Violet Crawley, the Dowager Countess of Grantham, explores an inheritance issue and accuses her cousin Maud of cheating Robert Crawley — who heads the Crawley clan — out of his rightful inheritance.

In the kitchen Daisy flirts with a guy fixing the boiler and her fiancé Andy is insecure.

Tom Branson — the Irishman in the mix — has important things to do in addition to finding some romance. Meanwhile, Edith is pregnant at the same time the king says he wants her husband, Bertie, to take off with the Prince of Wales for a three-month tour of Africa.

Lastly, the family — alas — is broke as broke can be.

There’s lots to love about “Downton Abbey,” starting with the writing. Fellowes obviously loves these characters, their history, lifestyle, living situation, morals and ethics. That love affair has not only turned into a very successful television series, but he’s managed to pen a gem of a movie.

That leads to an important question. How does a non-series watcher like me possibly figure out what’s happening and who’s who in the movie when I have missed all 52 episodes over the series’ six seasons? The answer. It doesn’t matter. Do just a bit of research and then sit back and relax.

You’ll be a little lost but not all that lost.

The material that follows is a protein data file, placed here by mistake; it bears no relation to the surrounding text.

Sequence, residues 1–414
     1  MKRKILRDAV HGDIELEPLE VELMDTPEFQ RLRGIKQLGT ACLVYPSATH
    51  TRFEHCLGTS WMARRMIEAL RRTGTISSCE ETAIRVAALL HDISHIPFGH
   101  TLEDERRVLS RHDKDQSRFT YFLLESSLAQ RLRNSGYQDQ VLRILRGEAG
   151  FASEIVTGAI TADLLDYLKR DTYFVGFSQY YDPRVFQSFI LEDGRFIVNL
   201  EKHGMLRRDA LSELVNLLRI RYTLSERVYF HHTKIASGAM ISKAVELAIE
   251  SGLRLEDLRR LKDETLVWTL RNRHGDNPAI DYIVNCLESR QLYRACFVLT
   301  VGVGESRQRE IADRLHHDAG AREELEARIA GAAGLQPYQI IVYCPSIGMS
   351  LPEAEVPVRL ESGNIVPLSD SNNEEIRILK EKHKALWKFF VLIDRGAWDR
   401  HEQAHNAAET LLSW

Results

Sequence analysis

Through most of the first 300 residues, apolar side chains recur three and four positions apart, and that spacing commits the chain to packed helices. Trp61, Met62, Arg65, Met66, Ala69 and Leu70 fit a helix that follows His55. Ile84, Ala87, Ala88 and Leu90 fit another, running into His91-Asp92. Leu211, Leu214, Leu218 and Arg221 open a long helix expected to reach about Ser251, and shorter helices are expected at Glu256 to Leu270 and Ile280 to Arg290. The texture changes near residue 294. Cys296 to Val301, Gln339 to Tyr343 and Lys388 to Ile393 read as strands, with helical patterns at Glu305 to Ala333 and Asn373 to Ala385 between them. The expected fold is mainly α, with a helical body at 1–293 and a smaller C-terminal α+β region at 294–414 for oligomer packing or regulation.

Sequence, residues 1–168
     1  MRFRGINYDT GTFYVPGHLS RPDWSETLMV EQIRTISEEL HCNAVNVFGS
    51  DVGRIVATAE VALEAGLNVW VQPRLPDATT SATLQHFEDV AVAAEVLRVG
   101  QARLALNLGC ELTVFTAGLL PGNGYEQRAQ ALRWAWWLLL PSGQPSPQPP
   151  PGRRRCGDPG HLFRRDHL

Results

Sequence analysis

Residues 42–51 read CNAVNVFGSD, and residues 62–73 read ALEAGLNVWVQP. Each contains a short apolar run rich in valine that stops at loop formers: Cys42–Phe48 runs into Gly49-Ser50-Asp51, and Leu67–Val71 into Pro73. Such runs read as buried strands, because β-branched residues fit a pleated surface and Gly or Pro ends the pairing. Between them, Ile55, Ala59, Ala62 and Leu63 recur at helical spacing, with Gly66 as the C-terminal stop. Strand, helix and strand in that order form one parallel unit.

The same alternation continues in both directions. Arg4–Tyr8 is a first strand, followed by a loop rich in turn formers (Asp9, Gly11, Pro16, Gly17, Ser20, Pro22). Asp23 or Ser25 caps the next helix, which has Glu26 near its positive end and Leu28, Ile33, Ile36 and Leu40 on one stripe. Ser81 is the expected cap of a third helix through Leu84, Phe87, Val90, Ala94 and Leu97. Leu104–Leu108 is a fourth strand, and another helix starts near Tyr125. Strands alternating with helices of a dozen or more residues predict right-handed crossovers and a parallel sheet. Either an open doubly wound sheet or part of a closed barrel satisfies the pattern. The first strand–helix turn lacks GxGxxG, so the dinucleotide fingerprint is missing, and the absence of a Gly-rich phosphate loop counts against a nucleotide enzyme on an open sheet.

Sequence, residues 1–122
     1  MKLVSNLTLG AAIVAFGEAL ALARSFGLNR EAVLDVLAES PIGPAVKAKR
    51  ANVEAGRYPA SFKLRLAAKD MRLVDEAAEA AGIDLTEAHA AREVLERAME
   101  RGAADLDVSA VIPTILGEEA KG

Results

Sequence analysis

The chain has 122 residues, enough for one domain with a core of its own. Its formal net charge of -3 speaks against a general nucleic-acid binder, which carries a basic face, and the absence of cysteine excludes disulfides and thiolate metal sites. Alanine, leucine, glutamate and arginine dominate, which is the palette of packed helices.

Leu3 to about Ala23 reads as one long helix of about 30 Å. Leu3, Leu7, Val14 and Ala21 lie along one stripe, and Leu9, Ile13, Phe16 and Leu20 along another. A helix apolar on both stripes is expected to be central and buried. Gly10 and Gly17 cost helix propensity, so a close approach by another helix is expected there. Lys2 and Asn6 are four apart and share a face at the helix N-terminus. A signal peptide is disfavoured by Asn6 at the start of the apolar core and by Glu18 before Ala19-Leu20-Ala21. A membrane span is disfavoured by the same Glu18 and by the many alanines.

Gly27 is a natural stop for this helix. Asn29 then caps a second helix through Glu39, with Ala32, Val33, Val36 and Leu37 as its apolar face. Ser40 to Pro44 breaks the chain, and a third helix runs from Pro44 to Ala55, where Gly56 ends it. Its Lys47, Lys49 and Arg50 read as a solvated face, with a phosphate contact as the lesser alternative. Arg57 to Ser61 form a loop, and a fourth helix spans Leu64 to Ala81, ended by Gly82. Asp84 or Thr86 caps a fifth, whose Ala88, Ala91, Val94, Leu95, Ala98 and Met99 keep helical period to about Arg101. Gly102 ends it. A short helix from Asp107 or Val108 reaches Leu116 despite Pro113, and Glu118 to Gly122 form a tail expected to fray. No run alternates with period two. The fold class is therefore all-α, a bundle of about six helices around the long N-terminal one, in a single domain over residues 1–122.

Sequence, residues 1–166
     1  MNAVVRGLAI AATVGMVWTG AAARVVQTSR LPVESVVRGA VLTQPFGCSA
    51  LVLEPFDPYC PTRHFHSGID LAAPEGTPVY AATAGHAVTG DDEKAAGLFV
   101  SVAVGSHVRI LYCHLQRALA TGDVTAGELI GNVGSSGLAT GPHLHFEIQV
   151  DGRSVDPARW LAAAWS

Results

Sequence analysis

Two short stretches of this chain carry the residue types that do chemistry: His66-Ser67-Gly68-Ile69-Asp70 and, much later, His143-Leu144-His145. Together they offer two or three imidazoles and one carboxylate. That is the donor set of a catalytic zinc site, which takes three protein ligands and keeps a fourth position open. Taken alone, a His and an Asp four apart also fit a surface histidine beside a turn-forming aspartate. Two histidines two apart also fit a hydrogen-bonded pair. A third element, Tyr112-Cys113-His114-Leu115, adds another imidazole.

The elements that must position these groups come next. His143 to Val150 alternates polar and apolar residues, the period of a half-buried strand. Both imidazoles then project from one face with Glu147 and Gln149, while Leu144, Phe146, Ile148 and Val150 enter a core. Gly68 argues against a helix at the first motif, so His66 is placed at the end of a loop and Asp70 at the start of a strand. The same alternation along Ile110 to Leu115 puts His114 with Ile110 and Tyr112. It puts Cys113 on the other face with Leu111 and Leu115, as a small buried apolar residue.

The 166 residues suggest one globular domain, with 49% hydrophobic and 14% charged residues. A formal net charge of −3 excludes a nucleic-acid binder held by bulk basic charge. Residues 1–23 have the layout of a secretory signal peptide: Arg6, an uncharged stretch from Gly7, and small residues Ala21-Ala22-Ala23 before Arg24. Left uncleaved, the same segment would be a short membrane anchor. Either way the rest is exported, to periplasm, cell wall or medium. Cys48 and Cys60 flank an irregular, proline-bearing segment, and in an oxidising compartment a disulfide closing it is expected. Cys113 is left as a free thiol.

Another plus — and something that oddly helps you relax — is how comfortable these actors are with their characters, with each other and with Fellowes and Engler. The cast chemistry is exceptional and the acting of the individual actors is as good as the story.

I’d start spouting off about some of the actors getting acting awards at the end of the year and into next but they’ve all perfected their roles and are perfect with how they fit in the series, so who do you pick? Who do you single out? All of them? I can say picking this as the best ensemble cast will be a no-brainer for awards groups giving out accolades for ensemble acting.

Just one complaint. And it’s going to seem petty. Fellowes can’t seem to end his movie. Just when you think it’s all done and are ready to rise off your seat because the credits are about to roll, he keeps going. No problem. You sit. Wait. It’s done, you start to get up and then have to sit down and do it all over again.

As noted. A minor ding on an otherwise perfect movie; a movie so good that the non-TV watcher in me is seriously considering starting from scratch and streaming all six seasons.